PFOS: Takeaways from Nashville
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The Chambers Survey is distributed to club executives across the United States (CEOs, COOs, GMs). This quarter’s survey focused on club governance — a topic clearly on the minds of many. We received responses from club executives in 27 states and the District of Columbia
50% Number of respondents with Chief Operating Officer as all or part of their title (the majority of those are GM/COO)
35% Are General Managers
86% Feel a private club’s top executive should have complete operational, financial and service oversight
46% Are, in reality, entrusted with this oversight
And 36% are empowered but find their boards frequently step in and usurp their governing role
And why should club executives be so entrusted?
65% Say because operational decisions should be left to a trained club management executive
12% Feel that fiscal and operational accountability are ensured with this structure
Lead, follow or get out of the way?
35% Feel that the executive should lead the club’s strategic and master planning efforts
25% Think their role should be counsel, guidance and advice
Responding clubs have, on average, 4-8 committees that meet on a regularly basis.
The ideal, according to our survey group: 4-5 that meet on a monthly or bimonthly basis
And these were seen as the most important:
Much has been written over the last several years about the most effective governing structure for private, member-owned clubs. Michael McCarthy, CEO of Addison Reserve in Florida and John Fernaro, Publisher of Boardroom magazine have both written strong pieces in just the last year about the need for collaborative governance and what it takes to operate a successful club — that is, one that runs like the business it is, with decisions made for the long term health of the club and not dominated by the well meaning but often ill conceived agendas of its board or member committees.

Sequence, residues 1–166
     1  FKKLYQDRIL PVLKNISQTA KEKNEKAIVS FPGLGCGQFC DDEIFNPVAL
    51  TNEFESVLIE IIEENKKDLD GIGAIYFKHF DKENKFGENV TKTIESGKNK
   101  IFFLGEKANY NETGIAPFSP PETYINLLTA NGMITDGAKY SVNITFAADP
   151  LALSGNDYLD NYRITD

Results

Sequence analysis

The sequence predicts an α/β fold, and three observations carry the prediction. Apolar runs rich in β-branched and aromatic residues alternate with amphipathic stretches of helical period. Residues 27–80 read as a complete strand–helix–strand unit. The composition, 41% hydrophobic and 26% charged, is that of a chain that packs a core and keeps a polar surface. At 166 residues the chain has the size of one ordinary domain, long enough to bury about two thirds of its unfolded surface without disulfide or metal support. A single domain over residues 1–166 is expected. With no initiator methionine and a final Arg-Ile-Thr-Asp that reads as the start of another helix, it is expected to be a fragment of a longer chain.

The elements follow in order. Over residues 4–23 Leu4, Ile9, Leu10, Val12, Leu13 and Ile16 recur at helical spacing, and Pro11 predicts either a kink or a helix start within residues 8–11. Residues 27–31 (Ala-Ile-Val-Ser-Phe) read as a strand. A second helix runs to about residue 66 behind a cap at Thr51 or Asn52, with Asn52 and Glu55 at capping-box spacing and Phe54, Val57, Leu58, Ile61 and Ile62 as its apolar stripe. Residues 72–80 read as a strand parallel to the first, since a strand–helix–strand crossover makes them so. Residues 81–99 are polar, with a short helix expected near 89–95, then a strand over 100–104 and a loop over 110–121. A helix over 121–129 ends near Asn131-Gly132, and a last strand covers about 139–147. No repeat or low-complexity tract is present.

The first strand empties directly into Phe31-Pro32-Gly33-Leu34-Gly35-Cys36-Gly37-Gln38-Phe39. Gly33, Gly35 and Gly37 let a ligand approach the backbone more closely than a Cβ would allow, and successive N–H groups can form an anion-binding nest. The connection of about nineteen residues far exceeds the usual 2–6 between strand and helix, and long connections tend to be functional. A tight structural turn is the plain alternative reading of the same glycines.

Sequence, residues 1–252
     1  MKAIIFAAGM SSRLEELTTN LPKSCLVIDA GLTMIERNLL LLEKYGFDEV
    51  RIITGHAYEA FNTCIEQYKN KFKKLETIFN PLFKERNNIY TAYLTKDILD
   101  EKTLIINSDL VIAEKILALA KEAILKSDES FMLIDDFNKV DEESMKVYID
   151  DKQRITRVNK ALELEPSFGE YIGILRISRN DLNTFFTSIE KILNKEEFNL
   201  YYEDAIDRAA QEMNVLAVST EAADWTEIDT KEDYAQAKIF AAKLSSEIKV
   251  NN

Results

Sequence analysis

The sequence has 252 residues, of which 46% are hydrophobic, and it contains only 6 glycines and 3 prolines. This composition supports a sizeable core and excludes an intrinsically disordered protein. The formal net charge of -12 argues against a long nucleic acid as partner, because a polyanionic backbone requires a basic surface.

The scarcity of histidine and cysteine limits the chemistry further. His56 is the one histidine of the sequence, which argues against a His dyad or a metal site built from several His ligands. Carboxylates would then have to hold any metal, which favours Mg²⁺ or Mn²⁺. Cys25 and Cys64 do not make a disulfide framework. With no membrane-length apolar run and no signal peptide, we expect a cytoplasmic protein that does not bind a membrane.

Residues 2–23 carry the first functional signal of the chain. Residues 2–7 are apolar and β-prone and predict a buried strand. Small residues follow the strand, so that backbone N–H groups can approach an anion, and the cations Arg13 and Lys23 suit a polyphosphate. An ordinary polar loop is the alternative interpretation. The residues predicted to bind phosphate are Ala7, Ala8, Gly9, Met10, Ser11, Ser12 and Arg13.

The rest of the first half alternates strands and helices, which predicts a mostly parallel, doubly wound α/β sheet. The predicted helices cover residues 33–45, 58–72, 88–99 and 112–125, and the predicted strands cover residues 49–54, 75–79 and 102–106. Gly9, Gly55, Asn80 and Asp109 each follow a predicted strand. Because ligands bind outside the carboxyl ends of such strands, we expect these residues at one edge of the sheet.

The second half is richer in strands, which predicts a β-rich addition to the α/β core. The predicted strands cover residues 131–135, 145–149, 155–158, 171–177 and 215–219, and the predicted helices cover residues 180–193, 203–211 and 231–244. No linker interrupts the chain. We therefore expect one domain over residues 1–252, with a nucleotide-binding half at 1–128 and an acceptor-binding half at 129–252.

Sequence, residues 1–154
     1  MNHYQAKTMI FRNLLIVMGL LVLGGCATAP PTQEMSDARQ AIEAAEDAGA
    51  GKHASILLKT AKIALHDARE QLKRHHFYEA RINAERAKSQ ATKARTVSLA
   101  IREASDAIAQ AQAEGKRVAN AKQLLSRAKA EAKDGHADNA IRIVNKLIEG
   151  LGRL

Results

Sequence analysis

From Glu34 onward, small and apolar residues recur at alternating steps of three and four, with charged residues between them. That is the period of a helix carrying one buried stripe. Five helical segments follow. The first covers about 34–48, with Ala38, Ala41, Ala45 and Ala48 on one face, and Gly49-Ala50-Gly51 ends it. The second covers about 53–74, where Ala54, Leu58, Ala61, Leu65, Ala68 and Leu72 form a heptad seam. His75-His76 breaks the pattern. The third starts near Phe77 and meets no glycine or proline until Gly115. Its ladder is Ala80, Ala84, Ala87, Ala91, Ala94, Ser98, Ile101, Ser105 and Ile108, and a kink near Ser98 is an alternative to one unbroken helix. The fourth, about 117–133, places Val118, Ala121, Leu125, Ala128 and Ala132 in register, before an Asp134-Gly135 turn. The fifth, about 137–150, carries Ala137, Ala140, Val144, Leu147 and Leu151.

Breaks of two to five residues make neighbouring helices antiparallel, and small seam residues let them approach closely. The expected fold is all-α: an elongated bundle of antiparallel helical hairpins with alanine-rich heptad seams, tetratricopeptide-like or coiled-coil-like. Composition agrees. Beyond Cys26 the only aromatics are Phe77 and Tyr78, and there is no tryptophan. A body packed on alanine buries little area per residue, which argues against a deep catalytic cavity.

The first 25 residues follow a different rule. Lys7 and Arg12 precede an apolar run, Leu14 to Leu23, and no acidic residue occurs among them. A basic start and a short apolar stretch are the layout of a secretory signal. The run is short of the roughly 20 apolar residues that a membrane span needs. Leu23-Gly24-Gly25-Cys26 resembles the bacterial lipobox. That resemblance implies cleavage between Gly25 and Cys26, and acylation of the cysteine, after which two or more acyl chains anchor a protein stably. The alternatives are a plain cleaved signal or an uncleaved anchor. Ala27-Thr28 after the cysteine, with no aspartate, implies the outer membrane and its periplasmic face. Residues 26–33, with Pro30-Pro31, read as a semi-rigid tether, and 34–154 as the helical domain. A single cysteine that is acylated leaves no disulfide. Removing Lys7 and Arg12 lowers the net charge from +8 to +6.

86 percent of the respondents in our recent survey of club COOs/GMs/CEOs tell us that a club’s top executive should have complete operational control and oversight — because they’re the proverbial “trained professional” and because it ensures accountability. Yet only 46% are so empowered.
We understand that McCarthy, in fact, worked to do away with most of his club’s committees and to change the governing structure. Even in this economy, Addison’s revenues are up 30%. We’ve heard many similar tales. And could regale with our own about tragically poor planning decisions made because those governing the process simply weren’t qualified to determine the right and best course of action.
So why are so many clubs still struggling to make such a critical shift? And what will it take to get executives, boards and members on board?
We’re opening the floor. Send us your comments and thoughts on how best to educate and transition club boards to the most effective governance structure. Invite your board members to participate in the conversation. Comment on this post or email us at firstname.lastname@example.org. We’ll share the thoughts and recommendations and tell you our perspective in the coming months.
Want to participate in our next survey? Email us your name, title and club.
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